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VT Schools Celebrate Healthy Food, Kids & Communities with National Farm to School Month


VT Schools Celebrate Healthy Food, Kids & Communities with National Farm to School Month

Activities in schools around the State showcase benefits of farm to school programs


SHELBURNE, VT– October is National Farm to School month, and schools around the state are reaping the benefits! With a host of harvest festivals and taste tests, work days and classroom activities, schools and organizations around the state are busy celebrating Farm to School (FTS) programs and the numerous ways they help our kids, schools, farms and communities.

In 2010, Congress declared October National Farm to School Month to honor this increasingly important national movement. Vermont schools with active Farm to School programs report twice the national average in vegetable consumption, increased school lunch participation by students and staff, increased training and equipment to provide healthy vegetables in school lunch programs, and more opportunities for kids to meet farmers and learn about health and nutrition[1].

“The Vermont Farm to School Network aims to build a thriving Farm to School program in every community in Vermont,” said Vermont FEED Project Director Betsy Rosenbluth. “These integrated programs expose kids to new foods and Vermont grown products, while putting money back in the local economy. Communities with active FTS programs also see stronger ties between families, farmers and schools, growth in local food economies and support for farmers.”

Farm to School programs have exploded across the country in recent years: the U.S. Farm to School programs have exploded across the country in recent years: the U.S. Department of Agriculture’s first Farm to School Census estimated that FTS programs in all 50 states are reaching more than 23 million children in over 40,000 schools with an estimated $385 million spent on local food. An estimated 55% of all Vermont schools have active Farm to School programs.

Vermont’s Farm to School programs have led the nation with their innovative “3 Cs” model, creating links between Classrooms, Cafeterias, and the Community, and was the first state in the country to pass Farm to School legislation. Specific activities in schools vary widely, from classroom curriculum to cafeteria taste tests, from purchasing locally-grown foods to visiting nearby farms, from starting school gardens to marketing student grown products. 

Farm to School Month activities & opportunities around the State include:

  • Farm to School Love photo contest offered by Vermont FEED, with prizes for the photos best depicting why people love Farm to School. #F2SLove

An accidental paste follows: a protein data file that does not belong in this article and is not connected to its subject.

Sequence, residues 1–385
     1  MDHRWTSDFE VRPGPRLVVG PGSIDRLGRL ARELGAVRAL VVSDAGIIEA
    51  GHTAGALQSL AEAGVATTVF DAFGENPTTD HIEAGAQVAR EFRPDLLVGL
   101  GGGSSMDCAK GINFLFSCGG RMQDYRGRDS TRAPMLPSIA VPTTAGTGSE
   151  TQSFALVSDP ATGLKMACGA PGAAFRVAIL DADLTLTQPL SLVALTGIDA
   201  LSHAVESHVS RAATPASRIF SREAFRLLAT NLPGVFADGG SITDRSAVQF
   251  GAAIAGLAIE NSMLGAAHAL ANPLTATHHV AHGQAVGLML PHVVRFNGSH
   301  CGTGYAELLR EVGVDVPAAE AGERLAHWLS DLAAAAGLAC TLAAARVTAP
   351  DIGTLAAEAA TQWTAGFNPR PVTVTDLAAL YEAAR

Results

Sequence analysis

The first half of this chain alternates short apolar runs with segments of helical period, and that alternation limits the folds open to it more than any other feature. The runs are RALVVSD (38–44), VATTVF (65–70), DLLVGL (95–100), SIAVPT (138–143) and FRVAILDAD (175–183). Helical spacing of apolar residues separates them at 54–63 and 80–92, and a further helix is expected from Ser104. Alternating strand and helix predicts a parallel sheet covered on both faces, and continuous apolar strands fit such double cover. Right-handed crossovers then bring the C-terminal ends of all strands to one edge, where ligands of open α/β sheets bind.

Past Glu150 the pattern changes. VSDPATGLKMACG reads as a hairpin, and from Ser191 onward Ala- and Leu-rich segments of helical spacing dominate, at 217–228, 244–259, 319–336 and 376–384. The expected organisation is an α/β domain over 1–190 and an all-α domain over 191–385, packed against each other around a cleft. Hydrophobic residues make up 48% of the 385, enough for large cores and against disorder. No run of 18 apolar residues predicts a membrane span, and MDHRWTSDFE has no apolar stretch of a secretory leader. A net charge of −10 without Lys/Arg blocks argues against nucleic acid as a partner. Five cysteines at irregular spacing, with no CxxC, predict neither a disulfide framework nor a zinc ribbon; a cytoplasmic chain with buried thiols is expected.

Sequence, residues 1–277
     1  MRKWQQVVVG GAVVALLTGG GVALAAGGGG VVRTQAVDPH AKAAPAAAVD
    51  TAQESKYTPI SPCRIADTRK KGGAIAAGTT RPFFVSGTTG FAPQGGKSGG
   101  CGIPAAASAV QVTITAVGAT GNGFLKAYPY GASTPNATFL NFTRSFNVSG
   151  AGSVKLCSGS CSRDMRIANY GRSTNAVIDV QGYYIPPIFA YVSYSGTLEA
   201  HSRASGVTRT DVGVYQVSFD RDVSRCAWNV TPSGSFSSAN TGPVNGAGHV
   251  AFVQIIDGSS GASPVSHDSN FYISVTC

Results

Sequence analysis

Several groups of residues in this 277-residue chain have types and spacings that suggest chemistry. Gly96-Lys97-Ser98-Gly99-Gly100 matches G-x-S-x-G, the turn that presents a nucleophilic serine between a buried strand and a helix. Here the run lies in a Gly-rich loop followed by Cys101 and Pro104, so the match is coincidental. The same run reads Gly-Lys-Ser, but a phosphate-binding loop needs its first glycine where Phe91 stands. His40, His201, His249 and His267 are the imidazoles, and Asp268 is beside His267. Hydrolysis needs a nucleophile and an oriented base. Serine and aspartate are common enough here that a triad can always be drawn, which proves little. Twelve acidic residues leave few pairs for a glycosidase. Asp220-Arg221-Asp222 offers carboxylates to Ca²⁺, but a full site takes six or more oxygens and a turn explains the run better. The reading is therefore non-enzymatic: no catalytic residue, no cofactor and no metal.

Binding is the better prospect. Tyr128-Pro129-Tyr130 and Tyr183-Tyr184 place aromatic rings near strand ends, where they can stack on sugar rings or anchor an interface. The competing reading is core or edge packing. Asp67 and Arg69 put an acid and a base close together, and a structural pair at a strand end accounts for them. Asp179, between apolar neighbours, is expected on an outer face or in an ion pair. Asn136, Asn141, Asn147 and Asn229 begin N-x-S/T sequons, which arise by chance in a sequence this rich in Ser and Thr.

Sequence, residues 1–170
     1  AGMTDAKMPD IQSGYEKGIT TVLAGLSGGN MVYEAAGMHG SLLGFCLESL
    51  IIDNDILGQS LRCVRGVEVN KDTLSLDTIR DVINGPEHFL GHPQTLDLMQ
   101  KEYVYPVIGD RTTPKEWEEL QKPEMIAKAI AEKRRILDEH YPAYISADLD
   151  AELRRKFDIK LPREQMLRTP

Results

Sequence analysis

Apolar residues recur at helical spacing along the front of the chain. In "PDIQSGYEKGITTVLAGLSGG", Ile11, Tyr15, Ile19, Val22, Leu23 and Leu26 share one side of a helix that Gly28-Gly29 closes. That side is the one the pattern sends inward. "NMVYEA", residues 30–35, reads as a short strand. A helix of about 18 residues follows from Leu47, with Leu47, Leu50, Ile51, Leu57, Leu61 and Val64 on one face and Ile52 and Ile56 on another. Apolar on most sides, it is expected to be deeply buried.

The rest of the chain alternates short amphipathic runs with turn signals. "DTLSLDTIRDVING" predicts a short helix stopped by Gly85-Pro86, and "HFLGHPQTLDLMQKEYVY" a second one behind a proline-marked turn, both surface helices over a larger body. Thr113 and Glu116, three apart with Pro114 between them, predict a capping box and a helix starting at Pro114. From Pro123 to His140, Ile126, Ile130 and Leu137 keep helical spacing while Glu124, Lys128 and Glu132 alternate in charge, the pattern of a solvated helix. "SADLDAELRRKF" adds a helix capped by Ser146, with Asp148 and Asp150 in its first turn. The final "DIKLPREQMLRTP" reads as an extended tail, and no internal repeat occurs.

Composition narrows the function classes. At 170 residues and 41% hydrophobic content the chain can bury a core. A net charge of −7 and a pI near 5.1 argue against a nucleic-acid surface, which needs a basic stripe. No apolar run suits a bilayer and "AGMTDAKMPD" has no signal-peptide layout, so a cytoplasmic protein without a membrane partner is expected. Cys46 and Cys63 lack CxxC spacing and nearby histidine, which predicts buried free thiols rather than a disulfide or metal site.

• Harvest Lessons Forum in Woodstock, with professional development opportunities for teachers interested in using Farm to School activities in the classroom.
  • Ongoing Harvest of the Month activities, recipes, and curriculum for schools to use free of charge.
  • Farm and field days incorporating art, science, nutrition, agriculture, math and other areas, such as at NewBrook Elementary in Newfane, featured on VPR.
  • Harvesting and gleaning activities, resulting in thousands of pounds of local vegetables. Students in the Food Connects School Harvest project harvested sweet potatoes for their cafeterias in the Brattleboro area ( while volunteers for the Rutland Area Food and Farm Link and Food Connects harvested for the Vermont Food Bank and local food shelves.
  • Fundraising through innovative activities like the FarmRaiser program of Vital Communities, which sells local, organic groceries through schools, ( or the Taste of Tunbridge community potluck dinner, with dishes cooked by each elementary school class.
  • Activities celebrating National School Lunch Week October 13-17, such as the Lothrop School’s “Take Your Parents to Lunch Day” in Pittsfield.
  • Harvest festivals, fundraisers and events including at the Bellcate School in Essex Junction, Cornwall School, and Richmond Elementary and Green Mountain Farm-to-School’s Harvest Potluck.
  • Activities celebrating FOOD Day on October 24, bringing people together to “enjoy real food and to push for improved food policies.”  


Schools or communities interested in starting or expanding a Farm to School program can visit the Vermont Farm to School Network at for resources, funding opportunities, and event listings.




The Vermont Farm to School Network is working to make sure every Vermont student and school community is engaged in a local food and farm culture that nurtures children’s health, cultivates viable farms, and builds vibrant communities. We provide statewide leadership, coordination, and advocacy to advance new and existing Farm to School efforts in Vermont classrooms, cafeterias and communities. Join us and learn more at to learn more.




Betsy Rosenbluth

Project Director

Vermont Food Education Every Day (VT FEED)


brosenbluth [@] shelburnefarms [.] org

[1] Statistics according to a report by Shelburne Farms to the U.S. Centers for Disease Control and Prevention.